Do I have Astigmatism?

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Do I have Astigmatism?

Do I have Astigmatism?

As we start off the New Year we will tackle one of the most misunderstood topics in vision care….astigmatism. If we break down the meaning of the word, the “a-” at the beginning means “without” and “-stigma” means “point.” Astigmatism, therefore, is a refractive error that keeps light from coming into focus at a single point on the retina (the retina is a very important structure inside the eye that acts like a projector screen). So, to follow the analogy, having astigmatism means the “projector” is out of focus. In most cases, astigmatism is not related to eye disease or eye health and can be treated with the same methods as myopia (nearsightedness) and hyperopia (farsightedness).

There are two causes of astigmatism: corneal and lenticular:

The cornea is the clear dome-shaped structure at the front of the eye. When light enters the eye, the cornea is the very first surface in our eyes to focus or bend the light. Corneal astigmatism occurs when the cornea is not a perfectly spherical shape, and therefore, the light is bent unevenly. After the light passes through the cornea, it is also focused by a second structure -the crystalline lens (natural lens inside the eye, which we are born with).  Lenticular astigmatism is a result of an irregular shape of the crystalline lens, which can also cause the light to be focused unevenly onto the retina.

 

For now, let us focus our discussion on the more common cause of unfocused or blurry vision – corneal astigmatism. When the cornea is spherical in shape – like the shape of a basketball – it will cause light that enters the eye through any part of the cornea to be focused evenly, leading to a single point on the retina. If the corneal curvature is not spherical, however, light is focused unevenly, depending on where it passes through the cornea. A cornea with astigmatism is curved more like a football than a basketball – has a longer (or flatter) curve from top to bottom and a shorter (or steeper) curve from side to side. Most corneas are actually similar to this shape, with a steeper shape in one direction and a flatter shape in another direction. The amount of difference between the curvatures of these two directions is called the cylinder power (how much astigmatism a person has). The orientation of the curves is called the axis. This orientation can be recorded like clock hours or a degrees marker on a compass, with the 3 o’clock equivalent to 0 degrees, 9 o’clock equivalent to 180 degrees, and 12 o’clock position at 90 degrees. For instance, if the football is placed in an up and down position, at 12’o’clock as described above, the axis is considered 90 degrees. If the football is tilted halfway between 12 o’clock and 3 o’clock, the axis would be 45 degrees.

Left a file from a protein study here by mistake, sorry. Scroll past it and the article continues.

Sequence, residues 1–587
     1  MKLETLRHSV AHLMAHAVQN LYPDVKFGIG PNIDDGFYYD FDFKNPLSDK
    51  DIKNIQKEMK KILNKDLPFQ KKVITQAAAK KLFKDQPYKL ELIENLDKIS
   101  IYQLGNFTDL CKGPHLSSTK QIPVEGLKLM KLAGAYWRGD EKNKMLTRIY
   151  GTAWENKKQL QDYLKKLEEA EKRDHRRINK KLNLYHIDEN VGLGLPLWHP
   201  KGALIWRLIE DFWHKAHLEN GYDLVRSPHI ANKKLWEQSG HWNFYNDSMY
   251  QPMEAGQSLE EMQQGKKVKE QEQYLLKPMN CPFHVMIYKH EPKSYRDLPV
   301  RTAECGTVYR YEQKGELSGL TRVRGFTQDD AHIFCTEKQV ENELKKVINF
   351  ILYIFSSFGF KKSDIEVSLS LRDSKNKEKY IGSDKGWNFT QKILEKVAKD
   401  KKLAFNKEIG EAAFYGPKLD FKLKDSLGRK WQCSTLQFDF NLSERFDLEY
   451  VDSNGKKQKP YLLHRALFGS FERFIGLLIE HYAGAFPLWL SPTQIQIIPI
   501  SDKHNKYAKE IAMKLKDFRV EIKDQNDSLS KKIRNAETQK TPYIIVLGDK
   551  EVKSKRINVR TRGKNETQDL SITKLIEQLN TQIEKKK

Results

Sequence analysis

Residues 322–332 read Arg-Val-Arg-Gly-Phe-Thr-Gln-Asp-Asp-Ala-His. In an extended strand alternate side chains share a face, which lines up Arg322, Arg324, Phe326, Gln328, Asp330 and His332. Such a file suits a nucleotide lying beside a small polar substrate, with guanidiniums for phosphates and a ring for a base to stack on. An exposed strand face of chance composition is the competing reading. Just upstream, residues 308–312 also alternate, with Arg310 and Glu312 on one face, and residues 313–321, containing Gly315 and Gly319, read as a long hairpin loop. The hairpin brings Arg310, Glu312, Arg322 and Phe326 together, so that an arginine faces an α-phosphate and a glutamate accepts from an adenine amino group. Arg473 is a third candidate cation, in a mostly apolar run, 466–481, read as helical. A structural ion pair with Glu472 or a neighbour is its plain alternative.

Symptoms of astigmatism may include blurred or distorted vision and will likely affect vision at all ranges (distance and near). It can also cause eyestrain and headaches in some patients. The degree of symptoms is directly related to the difference in curvature or the amount of astigmatism.

Classification: Regular Astigmatism vs. Irregular Astigmatism

Regular astigmatism is common and occurs when the steep corneal axis and flat corneal axis are oriented exactly 90 degrees away from each other. This type of astigmatism can simply be corrected with glasses or contact lenses. Irregular astigmatism is less common and more difficult to treat. It usually is the result of a dry ocular surface, trauma, scarring, corneal transplants, or eye diseases such as keratoconus or pellucid marginal degeneration.

3 Types of Astigmatism

Astigmatism can be combined with other refractive errors – either myopia (nearsightedness) or hyperopia (farsightedness). An individual can have both nearsightedness and astigmatism…we call this myopic astigmatism. In myopic astigmatism, the curvature in both orientations cause the light to focus in front of the retina. Likewise if someone has farsightedness and astigmatism it is called hyperopic astigmatism and the focal points are behind the retina. If the light is focused both in front and behind the retina it is called mixed astigmatism.
Now that we have working knowledge of astigmatism, we will continue this discussion in next month with a look at how astigmatism is diagnosed and treated.
As always, feel free to leave comments or questions below or email me directly at timjblankenship@gmail.com.

 

By | 2017-10-16T14:49:30+00:00 January 14th, 2016|Categories: News, Optical|0 Comments

About the Author:

Dr Timothy J Blankenship, O.D.
Dr. Blankenship earned his Doctorate of Optometry degree in 2006 from the University of Missouri-St Louis College of Optometry. His training included a focus on ocular disease, contact lens fitting and LASIK co-management. His areas of interest include the diagnosis and treatment of ocular disease, specialty contact lens fitting, dry eye treatment and family vision care.

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